Rogers played at Huntington College (now Huntington University) and graduated in 1978. He was a sophomore when Dave Goodmiller (now head coach at Norwell High School) was a senior. The two went on the play together in Fort Wayne’s Stan Musial League with Blackie’s Rib Corral and Mexican Joe’s. Rogers was the head coach for the North for the IHSBCA North/South All-Star Series at Notre Dame in 2008. Dave Goodmiller was an assistant and his son, Rhett Goodmiller, played in the game.

On April 23, 2019, Rogers earned career victory No. 500 against Norwell.

Rogers was an assistant to Don Hummel at New Haven and Larry Gerardo at Luers before taking over that program.

The 2018 Leo squad went 19-8. The 2019 team was 18-3 through May 13.

Alex Bireley, Christian Brubaker, Chase Chaney, Ryan Hackworth, Chance McMaken, Tyler Parker and A.J. Restivo are seniors on the current Leo squad. Hackworth has committed to play baseball at Heidelberg University in Tiffin, Ohio.

Recent Leo graduates to move on to college ball are Easton Embry (Earlham College), Lukas Kline (Franklin College) and Max Minich (Kankakee Community College).

Rogers’ assistants are Brent Davis, Brian Turner and Jim Sickafoose with the varsity and Tom Miller and Mitch Meinholtz with the junior varsity. Davis is a New Haven graduate. Turner went to Fort Wayne Snider and played for Indiana Tech when Hershberger was a head coach and Rogers an assistant. Sickafoose is a former Central Noble head coach. There are 33 players in the program in 2019.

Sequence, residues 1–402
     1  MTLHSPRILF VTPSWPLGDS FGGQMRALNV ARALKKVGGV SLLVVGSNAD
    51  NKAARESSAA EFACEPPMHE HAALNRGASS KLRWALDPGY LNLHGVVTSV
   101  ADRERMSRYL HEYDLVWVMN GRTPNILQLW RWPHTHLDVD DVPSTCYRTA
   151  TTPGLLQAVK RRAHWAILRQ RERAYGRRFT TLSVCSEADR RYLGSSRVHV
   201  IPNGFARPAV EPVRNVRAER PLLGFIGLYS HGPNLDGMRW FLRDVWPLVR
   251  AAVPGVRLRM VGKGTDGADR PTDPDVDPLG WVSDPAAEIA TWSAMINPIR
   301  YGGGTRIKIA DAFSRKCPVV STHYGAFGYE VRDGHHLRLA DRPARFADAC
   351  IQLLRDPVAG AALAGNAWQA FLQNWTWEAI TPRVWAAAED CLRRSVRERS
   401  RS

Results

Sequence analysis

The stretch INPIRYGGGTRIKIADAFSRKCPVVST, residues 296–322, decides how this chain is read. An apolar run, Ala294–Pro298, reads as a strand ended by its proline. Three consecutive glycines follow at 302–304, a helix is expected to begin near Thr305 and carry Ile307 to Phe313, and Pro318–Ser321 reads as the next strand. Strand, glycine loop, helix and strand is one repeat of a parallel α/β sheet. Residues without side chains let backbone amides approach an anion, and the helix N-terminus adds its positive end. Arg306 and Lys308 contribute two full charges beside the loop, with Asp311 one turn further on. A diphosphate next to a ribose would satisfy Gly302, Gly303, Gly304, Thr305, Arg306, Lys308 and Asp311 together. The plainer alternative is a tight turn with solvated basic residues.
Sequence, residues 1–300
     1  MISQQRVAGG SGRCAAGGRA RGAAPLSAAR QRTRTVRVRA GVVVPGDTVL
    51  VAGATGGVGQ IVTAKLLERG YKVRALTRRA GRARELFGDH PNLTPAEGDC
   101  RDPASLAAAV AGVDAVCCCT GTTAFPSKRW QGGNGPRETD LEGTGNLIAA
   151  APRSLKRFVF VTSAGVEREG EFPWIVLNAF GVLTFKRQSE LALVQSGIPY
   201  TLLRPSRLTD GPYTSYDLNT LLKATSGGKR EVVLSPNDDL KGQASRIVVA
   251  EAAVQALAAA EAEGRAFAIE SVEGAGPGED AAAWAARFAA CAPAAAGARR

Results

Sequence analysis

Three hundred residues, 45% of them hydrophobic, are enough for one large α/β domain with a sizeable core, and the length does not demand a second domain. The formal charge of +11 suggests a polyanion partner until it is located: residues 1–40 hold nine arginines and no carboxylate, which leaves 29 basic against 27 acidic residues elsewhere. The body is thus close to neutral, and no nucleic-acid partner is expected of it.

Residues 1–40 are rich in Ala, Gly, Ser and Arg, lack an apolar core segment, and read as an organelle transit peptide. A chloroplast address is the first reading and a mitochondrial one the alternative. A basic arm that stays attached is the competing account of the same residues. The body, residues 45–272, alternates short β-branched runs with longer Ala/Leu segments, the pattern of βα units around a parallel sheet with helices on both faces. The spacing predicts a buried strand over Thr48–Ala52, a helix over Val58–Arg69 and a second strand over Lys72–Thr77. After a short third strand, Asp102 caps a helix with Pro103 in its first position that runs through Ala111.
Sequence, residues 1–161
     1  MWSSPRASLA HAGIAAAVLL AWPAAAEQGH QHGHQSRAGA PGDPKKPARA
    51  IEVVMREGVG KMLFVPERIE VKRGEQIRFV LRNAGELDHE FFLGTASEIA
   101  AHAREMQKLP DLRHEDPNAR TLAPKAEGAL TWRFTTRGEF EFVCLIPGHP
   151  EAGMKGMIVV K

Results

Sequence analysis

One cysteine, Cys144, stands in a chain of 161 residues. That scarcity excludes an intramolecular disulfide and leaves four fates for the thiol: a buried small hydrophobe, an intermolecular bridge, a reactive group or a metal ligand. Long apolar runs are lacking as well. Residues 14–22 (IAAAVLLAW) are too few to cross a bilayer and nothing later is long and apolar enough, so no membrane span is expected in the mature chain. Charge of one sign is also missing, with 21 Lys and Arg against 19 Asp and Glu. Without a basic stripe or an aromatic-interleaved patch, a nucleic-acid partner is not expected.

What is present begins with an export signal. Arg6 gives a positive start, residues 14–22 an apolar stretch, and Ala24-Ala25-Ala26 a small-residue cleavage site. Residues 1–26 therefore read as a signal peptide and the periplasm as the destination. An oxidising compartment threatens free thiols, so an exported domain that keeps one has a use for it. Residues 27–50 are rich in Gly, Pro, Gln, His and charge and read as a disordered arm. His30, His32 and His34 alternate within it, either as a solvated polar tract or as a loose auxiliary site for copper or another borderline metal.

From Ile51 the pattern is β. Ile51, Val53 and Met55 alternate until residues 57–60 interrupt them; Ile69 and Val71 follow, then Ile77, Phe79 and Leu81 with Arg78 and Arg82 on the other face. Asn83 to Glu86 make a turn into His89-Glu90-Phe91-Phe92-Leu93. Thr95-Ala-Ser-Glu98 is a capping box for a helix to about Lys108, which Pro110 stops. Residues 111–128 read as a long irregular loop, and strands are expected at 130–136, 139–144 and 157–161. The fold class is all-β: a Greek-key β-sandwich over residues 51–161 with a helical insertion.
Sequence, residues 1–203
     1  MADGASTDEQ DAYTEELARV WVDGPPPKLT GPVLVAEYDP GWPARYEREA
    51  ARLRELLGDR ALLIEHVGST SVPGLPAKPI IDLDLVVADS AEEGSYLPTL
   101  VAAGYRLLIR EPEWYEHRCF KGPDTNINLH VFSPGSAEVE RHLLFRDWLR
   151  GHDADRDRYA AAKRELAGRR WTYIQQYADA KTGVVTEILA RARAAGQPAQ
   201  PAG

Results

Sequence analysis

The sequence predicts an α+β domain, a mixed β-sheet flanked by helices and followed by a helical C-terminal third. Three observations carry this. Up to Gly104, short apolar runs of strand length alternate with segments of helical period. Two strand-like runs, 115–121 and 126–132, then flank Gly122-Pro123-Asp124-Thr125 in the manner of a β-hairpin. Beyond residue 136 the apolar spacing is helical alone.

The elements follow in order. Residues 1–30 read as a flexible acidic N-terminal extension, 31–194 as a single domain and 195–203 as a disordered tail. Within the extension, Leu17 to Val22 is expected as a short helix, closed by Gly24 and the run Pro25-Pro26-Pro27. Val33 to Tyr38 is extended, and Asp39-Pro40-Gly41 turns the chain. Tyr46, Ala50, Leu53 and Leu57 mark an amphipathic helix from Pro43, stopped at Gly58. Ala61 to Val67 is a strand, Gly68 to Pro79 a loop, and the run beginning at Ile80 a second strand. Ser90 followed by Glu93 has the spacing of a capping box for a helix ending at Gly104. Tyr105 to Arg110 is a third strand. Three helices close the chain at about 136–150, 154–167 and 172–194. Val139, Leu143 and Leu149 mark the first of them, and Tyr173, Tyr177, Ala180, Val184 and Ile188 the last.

Leo (enrollment around 975) is a member of the Northeast Eight Conference (with Bellmont, Columbia City, DeKalb, East Noble, Huntington North, New Haven and Norwell).

The Lions are part of an IHSAA Class 3A sectional grouping with Fort Wayne Bishop Dwenger, Fort Wayne Bishop Luers, Fort Wayne Concordia Lutheran, Garrett, New Haven and Columbia City. Leo has earned eight sectional crowns — the last in 2012.

Besides various travel teams, Leo Grabill Little League serves as a feeder program for the Lions.

Gary and Jackie Rogers have three daughters — Melissa, Emily and Katie — and five grandchildren.

GARYROGERS

Gary Rogers is in his second season as head coach at Leo Junior/Senior High School after 32 seasons at Fort Wayne (Ind.) Bishop Luers.

Indiana State, Rose-Hulman, IU Southeast among hot teams

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BY STEVE KRAH

http://www.IndianaRBI.com

May is almost here and college baseball teams are gearing up for the home stretch.

Two of Indiana’s hottests squads call Terre Haute home.

Through April 28 NCAA Division I Indiana State (32-9) was on a five-game win streak after the Mitch Hannahs-coached Sycamores’ seventh weekend series sweep of the 2019 season — this time against Southern Illinois. ISU is 8-2 in its last 10 games.

Rose-Human (22-9) has made Terre Haute proud, too. The NCAA Division III Fightin’ Engineers are 9-1 in their last 10 and riding a five-game win streak under head coach Jeff Jenkins.

The longest current victory streak among Indiana-based teams belongs to NAIA power Indiana University Southeast (34-16). The Ben Reel-led Grenadiers have reeled off seven straight W’s.

NAIA’s Kip McWilliams-coached Warriors of Indiana Tech (33-14-1) are 8-1-1 in their last 10 contests.

Also in NAIA, Mike Frame’s Foresters of Huntington (25-12) is 8-2 and Rich Benjamin’s Wildcats of Indiana Wesleyan (21-27) 7-3 in their previous 10 games.

NCAA D-III Franklin (23-11) is a on a six-game win streak under the guidance of coach Lance Marshall. The Grizzlies are 9-1 in their last 10.

Also in D-III, Blake Allen’s Tigers of DePauw (22-13) and Matt Bair’s Ravens of Anderson (19-11) are both 8-2 in their last 10 while Jake Martin’s Little Giants of Wabash (20-16) are 7-3.

After winning its Big Ten weekend series against Minnesota 2-1, Indiana (30-14) is 8-2 in its previous 10 for coach Jeff Mercer.